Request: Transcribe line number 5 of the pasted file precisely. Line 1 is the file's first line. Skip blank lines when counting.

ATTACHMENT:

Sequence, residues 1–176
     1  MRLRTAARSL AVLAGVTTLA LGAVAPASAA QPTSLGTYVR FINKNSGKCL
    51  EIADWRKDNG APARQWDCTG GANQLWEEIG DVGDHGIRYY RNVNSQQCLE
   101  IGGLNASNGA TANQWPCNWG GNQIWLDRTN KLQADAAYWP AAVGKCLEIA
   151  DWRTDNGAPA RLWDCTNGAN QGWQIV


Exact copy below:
   151  DWRTDNGAPA RLWDCTNGAN QGWQIV